I think this is a good sign that provides perspective to broaden the debate about the changes in Hungary. Both the Polish Prime Minister Donald Tusk and the main opposition party leader in Poland, Jarosław Kaczyński, have written to the EU President Jose Baroso that the criticism of Hungary’s recent economic and financial laws have been too harsh, while cautioning that the recent talk of Hungary rolling back democracy is exaggerated.
Before any Hungarian critics get upset with me, let me add that I too am concerned about the recent moves Orban’s government has made regarding freedom of speech and media censorship. I too would be mad.
Specifically, both Papandreou and Berlosconi, two incompetent yet democratically elected leaders, dared to use seek referendum and electoral support for the austerity “aid” packages that were being floated around at the time, so that the Greek and Italian people might show actual support for austerity plans that would further crush their standard of living and increase unemployment. Instead, the elites of the EU Troika helped get both leaders ousted and replaced by unelected puppets.
If the Hungarian people are truly outraged about these new laws, they have an opportunity to vote against Orban and his Fidesz party in the next election. Maybe they will, but we’ll have to wait and see.
Regardless, the show of support for Hungary by Polish leaders helps show how complicated the situation is, which is not what the Western media and the EU would like us to see. They wish for us to see things only in black and white, that all of Orban’s policies are wrong and only EU dictates are right.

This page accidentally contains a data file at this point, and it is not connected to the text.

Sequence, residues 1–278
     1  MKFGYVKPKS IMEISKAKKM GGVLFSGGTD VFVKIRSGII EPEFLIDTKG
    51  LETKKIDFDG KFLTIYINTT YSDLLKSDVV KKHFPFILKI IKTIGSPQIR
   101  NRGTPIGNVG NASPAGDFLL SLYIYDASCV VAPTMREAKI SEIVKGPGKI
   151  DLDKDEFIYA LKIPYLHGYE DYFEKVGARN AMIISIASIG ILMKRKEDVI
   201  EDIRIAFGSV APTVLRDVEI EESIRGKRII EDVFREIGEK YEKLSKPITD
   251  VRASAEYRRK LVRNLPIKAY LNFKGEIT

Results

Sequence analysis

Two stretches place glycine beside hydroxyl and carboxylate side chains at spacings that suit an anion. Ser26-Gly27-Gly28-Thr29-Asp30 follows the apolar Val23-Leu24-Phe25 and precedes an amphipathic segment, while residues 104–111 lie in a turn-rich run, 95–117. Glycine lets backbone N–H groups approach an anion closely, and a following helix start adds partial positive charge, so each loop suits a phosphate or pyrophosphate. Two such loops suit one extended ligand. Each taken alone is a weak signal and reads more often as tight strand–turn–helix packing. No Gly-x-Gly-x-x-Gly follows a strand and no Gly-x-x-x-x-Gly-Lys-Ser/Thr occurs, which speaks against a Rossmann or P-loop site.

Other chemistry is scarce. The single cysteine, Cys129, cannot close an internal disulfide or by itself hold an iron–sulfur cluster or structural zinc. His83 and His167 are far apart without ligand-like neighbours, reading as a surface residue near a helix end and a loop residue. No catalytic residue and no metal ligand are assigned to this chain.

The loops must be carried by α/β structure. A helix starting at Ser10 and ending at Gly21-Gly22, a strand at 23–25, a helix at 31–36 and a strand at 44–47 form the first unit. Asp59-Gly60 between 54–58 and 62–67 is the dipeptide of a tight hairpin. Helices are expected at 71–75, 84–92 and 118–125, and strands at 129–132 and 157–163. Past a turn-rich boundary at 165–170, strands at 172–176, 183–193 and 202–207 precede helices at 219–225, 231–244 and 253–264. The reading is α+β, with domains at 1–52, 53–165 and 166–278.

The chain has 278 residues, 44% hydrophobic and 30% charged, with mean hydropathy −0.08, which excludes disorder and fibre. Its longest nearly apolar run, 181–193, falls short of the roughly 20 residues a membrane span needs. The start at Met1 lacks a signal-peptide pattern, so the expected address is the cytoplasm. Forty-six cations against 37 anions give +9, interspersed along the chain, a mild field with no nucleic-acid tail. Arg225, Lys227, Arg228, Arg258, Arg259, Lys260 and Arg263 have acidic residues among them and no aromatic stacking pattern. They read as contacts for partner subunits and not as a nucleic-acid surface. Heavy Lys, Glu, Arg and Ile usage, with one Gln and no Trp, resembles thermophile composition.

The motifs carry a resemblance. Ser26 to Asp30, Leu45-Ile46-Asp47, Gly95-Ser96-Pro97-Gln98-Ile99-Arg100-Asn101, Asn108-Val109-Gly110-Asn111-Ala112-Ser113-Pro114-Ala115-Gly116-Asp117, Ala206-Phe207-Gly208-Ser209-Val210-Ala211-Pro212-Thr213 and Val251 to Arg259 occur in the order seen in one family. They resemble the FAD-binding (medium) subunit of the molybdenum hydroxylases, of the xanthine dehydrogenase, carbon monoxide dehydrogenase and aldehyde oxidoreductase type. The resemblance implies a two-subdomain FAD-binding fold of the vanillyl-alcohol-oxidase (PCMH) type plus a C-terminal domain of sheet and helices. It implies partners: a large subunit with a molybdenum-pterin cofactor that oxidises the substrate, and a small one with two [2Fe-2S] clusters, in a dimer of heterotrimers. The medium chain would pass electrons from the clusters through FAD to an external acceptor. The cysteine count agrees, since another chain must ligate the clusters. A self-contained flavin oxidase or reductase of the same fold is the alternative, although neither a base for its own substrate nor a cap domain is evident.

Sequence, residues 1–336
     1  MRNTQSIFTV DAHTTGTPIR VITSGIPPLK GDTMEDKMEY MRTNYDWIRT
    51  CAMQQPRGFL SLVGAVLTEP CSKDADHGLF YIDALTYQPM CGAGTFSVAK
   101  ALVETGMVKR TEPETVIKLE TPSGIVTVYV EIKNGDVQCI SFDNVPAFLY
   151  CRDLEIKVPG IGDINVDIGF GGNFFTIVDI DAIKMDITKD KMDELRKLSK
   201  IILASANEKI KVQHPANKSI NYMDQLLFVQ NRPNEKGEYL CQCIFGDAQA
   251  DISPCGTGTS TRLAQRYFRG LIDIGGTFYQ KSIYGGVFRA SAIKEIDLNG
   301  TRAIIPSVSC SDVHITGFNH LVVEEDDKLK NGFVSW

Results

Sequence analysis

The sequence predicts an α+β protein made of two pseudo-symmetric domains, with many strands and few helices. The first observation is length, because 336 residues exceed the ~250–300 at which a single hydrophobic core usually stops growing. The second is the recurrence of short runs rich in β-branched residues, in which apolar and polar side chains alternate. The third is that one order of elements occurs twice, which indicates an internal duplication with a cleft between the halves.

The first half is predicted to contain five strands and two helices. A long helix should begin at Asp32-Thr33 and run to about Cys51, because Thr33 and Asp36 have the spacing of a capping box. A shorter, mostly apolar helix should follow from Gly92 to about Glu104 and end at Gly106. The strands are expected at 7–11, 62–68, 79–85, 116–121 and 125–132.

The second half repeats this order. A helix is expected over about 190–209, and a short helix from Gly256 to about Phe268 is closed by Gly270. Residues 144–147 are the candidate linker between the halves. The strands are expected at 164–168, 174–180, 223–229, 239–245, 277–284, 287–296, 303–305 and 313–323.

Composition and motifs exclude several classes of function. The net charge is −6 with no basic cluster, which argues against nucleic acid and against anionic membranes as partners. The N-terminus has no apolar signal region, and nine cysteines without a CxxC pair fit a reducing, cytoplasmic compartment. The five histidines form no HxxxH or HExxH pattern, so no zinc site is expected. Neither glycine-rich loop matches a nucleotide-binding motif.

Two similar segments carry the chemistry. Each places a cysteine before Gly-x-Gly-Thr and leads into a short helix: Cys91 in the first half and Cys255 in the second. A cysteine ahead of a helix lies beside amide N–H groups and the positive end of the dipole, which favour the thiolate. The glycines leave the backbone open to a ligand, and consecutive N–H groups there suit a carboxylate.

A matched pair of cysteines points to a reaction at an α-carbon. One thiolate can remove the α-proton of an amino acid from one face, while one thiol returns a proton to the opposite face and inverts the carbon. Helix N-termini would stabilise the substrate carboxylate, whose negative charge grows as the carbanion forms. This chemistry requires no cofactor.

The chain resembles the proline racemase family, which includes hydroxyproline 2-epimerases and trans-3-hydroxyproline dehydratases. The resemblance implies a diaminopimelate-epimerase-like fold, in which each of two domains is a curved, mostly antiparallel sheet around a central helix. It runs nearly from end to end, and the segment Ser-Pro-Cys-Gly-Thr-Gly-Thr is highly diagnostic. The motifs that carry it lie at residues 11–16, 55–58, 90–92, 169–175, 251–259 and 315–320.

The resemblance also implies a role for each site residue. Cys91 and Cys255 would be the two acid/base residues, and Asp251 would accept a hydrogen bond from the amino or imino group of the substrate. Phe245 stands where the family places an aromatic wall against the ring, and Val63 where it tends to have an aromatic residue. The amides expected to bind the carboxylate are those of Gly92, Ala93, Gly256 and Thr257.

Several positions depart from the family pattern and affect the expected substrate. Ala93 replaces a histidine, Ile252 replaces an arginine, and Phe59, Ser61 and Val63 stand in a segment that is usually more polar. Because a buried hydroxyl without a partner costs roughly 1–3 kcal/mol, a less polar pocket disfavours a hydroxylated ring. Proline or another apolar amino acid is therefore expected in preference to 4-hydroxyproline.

In my opinion, obviously as just an outsider, I think I’d largely agree with most of Orban’s economic and financial reforms, such as changing the mortgage exchange rates and reasserting control over the Hungarian Central bank, while I would hope that the new media laws are reversed. But that is for the Hungarian people, not Brussels, to decide.
“we are all responsible for putting irresponsible people into power, people who lie continually”—Miguel Yarza, Democracia Real Ya, referring to the Popular Party’s victory in Spain and coming austerity (poverty) measures.
Really inspirational to see that protesters in Nigeria have embraced the language of the Occupy movement and are challenging years of public and oil sector corruption in the oil-rich nation. The movement has galvanized the youth against the lack of public infrastructure, job opportunities, and increasingly higher prices for basic goods and services:
The key passage:
President Goodluck Jonathan’s New Year’s decision to remove a fuel subsidy – an act that doubled the price of fuel for Nigerians overnight – catapulted the movement, which has dubbed itself, Occupy Nigeria. “Really from our perspective it was just a trigger,” said Adamolekun of the end of the fuel subsidy. “Nigerians have been very quiet for so long. The corruption in the system is known at home and abroad. Lack of infrastructure, rising costs of goods and services.”
What’s even more inspiring is that some cooperation and unity is being fostered between the tense and often violent Christian and Muslim Communities in Nigeria’s cities and towns.
“We’ve had places from Kano and various places around the country – even in Lagos – where Muslim brothers would be praying and Christians would stand guard,” said Adamolekun. “In Niger State two days ago Muslim brothers went around the church to protect the worshippers while they were there.”